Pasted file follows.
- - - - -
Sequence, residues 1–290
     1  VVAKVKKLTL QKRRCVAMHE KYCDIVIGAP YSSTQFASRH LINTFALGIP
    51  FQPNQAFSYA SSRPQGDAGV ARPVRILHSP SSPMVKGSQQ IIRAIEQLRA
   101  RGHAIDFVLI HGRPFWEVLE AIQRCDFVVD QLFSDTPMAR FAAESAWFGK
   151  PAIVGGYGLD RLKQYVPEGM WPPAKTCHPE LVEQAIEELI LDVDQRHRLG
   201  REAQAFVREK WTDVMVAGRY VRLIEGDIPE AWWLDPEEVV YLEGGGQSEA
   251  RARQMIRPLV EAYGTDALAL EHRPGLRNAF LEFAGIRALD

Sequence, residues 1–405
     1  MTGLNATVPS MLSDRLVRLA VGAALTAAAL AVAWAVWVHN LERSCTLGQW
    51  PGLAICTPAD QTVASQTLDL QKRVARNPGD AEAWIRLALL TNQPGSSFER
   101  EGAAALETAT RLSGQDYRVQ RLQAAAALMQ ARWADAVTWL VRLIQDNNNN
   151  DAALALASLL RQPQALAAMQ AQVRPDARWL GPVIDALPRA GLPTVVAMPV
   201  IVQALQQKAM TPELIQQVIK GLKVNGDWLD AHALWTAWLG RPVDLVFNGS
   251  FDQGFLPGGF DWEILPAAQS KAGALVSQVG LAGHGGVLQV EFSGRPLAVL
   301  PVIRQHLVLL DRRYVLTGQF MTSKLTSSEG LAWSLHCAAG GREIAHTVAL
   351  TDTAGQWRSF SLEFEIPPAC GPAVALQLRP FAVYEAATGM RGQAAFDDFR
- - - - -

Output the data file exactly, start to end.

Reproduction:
Sequence, residues 1–290
     1  VVAKVKKLTL QKRRCVAMHE KYCDIVIGAP YSSTQFASRH LINTFALGIP
    51  FQPNQAFSYA SSRPQGDAGV ARPVRILHSP SSPMVKGSQQ IIRAIEQLRA
   101  RGHAIDFVLI HGRPFWEVLE AIQRCDFVVD QLFSDTPMAR FAAESAWFGK
   151  PAIVGGYGLD RLKQYVPEGM WPPAKTCHPE LVEQAIEELI LDVDQRHRLG
   201  REAQAFVREK WTDVMVAGRY VRLIEGDIPE AWWLDPEEVV YLEGGGQSEA
   251  RARQMIRPLV EAYGTDALAL EHRPGLRNAF LEFAGIRALD

Sequence, residues 1–405
     1  MTGLNATVPS MLSDRLVRLA VGAALTAAAL AVAWAVWVHN LERSCTLGQW
    51  PGLAICTPAD QTVASQTLDL QKRVARNPGD AEAWIRLALL TNQPGSSFER
   101  EGAAALETAT RLSGQDYRVQ RLQAAAALMQ ARWADAVTWL VRLIQDNNNN
   151  DAALALASLL RQPQALAAMQ AQVRPDARWL GPVIDALPRA GLPTVVAMPV
   201  IVQALQQKAM TPELIQQVIK GLKVNGDWLD AHALWTAWLG RPVDLVFNGS
   251  FDQGFLPGGF DWEILPAAQS KAGALVSQVG LAGHGGVLQV EFSGRPLAVL
   301  PVIRQHLVLL DRRYVLTGQF MTSKLTSSEG LAWSLHCAAG GREIAHTVAL
   351  TDTAGQWRSF SLEFEIPPAC GPAVALQLRP FAVYEAATGM RGQAAFDDFR